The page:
A very early miscarriage: Chemical pregnancy

Her eyes were red and tears were rolling down her cheeks when I told her that her blood level of B-HCG, (pregnancy hormone), was declining. A week ago, she was elated and thrilled when she discovered that she was pregnant after she underwent intra-uterine insemination of sperm (IUI) for the first time.


N, 39, a housewife was married for 5 years and had been trying actively to conceive since marriage. She had failed IVF 3 times in the past 2 years. It was a roller coaster ride and she was emotionally spent and went into a period of depression. Encouraged by her spouse, she came for a consultation to find out more about IUI.


Physical and ultrasound examination revealed that her reproductive system was normal. Semen analysis of her spouse was also normal. The couple was suffering from unexplained infertility, a condition in which no identifiable cause can be found with normal fertility tests.


Superovulation and IUI were discussed and N was counselled on the risks and success rate of the procedure. (Please refer to SO-IUI on the website). Her blood level of B-HCG was 450 IU/L sixteen days after IUI. This was increased to 920IU/L two days later. On her next review after a week, the level dropped to 864 IU/L which was further reduced to 439 IU/L the next day. Vaginal ultrasound examination did not reveal any gestational sac. N was having a very early miscarriage, otherwise known as a chemical pregnancy.


What is a chemical pregnancy?

A chemical pregnancy is a very early miscarriage. The fertilised egg is able to produce enough B-HCG to cause a positive pregnancy test but fails to implant completely into the womb. This usually takes place around 5 weeks of gestation and the pregnancy sac cannot be seen by ultrasound examination.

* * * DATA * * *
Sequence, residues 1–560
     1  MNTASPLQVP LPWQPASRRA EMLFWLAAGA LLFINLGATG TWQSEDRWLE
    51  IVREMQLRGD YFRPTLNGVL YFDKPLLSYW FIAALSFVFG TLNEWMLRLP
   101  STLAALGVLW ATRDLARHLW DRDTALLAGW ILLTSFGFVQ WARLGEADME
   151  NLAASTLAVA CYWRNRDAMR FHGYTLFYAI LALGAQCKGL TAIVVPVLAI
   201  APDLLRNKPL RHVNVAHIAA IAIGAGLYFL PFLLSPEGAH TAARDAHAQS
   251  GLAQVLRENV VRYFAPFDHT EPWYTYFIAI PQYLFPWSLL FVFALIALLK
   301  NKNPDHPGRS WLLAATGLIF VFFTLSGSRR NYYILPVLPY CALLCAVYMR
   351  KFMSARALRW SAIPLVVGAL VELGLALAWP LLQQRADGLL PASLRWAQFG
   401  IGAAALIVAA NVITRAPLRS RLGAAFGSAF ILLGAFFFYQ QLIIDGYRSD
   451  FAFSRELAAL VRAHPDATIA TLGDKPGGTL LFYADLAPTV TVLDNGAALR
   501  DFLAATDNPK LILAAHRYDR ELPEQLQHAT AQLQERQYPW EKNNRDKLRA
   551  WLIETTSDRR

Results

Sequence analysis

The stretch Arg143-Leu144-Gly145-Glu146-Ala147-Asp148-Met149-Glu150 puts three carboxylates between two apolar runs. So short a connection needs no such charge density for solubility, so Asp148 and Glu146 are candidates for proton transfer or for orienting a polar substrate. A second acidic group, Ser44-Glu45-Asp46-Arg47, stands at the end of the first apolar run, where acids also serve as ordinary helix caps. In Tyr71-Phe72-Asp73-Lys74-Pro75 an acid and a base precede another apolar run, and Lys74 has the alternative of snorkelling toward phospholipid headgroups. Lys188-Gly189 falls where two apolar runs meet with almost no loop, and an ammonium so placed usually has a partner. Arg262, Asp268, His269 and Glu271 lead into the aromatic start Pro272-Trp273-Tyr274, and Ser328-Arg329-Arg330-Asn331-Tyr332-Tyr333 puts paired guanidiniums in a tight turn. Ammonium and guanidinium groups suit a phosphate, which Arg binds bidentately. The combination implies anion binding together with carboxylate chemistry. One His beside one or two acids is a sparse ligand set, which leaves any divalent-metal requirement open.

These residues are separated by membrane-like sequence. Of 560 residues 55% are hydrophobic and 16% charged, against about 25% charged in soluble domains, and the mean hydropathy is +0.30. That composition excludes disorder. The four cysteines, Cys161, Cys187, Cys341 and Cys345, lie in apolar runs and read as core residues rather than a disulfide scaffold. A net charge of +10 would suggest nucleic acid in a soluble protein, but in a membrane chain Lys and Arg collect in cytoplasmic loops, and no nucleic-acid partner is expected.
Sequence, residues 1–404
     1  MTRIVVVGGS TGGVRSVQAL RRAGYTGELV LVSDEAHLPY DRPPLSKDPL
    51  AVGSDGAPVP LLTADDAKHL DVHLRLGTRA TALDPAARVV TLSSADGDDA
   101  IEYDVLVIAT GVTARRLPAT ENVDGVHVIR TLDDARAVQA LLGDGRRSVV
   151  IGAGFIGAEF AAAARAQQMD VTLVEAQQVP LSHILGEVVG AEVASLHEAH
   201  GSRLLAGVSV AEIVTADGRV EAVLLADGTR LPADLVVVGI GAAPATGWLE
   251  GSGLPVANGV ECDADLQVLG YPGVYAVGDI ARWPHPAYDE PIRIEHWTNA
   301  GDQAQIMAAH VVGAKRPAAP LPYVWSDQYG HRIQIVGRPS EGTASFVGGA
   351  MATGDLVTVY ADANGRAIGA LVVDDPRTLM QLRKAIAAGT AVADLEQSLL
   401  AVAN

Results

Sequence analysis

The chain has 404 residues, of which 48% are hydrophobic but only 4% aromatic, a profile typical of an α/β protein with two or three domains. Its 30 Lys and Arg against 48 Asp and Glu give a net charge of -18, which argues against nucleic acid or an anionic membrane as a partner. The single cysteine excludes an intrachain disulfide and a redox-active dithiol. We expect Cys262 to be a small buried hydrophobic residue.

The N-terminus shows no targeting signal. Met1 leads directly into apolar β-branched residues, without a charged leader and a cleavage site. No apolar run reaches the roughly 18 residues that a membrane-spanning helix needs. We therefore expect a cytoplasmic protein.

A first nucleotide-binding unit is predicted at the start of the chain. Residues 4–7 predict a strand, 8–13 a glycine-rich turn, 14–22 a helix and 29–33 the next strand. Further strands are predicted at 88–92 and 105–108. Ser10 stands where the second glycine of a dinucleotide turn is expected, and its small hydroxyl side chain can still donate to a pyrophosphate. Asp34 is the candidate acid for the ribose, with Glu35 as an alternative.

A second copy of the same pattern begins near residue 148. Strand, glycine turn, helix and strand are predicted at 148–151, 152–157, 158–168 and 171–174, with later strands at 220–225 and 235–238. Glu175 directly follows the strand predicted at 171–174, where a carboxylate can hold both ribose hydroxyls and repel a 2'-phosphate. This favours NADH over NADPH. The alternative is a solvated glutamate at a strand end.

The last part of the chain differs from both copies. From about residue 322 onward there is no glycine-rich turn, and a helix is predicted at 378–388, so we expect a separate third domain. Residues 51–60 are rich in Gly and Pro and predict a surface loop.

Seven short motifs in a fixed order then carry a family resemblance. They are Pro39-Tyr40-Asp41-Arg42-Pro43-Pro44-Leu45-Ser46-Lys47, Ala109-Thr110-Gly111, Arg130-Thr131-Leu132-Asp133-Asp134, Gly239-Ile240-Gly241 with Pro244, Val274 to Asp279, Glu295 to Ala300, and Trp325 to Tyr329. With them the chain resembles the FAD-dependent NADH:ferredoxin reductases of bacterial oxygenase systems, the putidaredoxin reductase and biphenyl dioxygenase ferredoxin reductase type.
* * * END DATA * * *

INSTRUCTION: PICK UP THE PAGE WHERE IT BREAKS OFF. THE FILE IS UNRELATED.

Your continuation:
How common is a chemical pregnancy?

Chemical pregnancy is fairly common. The reported incidence varies between 8% to 75 % of all conceptions. The wide variation is due to the fact that the exact number of chemical pregnancies is difficult to estimate because many of these pregnancies end without any symptoms. Most women who have a chemical pregnancy would never know that they had been pregnant and treat it as “delayed periods”.


What could be the symptoms of chemical pregnancy if any?

  • Delayed period

  • Spotting a few days before period is due

  • More menstrual cramps than usual

  • Heavier menses with clots than usual

What are the causes of a chemical pregnancy?

The causes of a chemical pregnancy are about the same as those of other miscarriage (please refer to “losing a baby” in the website). But in most cases, the miscarriage is due to problems with the embryo, possibly caused by a defective sperm or egg.


What is the treatment of a chemical pregnancy?

As chemical pregnancy occurs very early after conception, no medical treatment is required. However, emotional support by the spouse, family and friends is important in the grieving process of the patient.


N felt a sense of grief and loss. I told her that these feelings were normal. She was advised to allow herself to grieve at her own pace and in her own way. She was encouraged to communicate her feelings openly with her husband, who was very supportive to her emotional needs. N decided to take a break before deciding her next move on fertility management.

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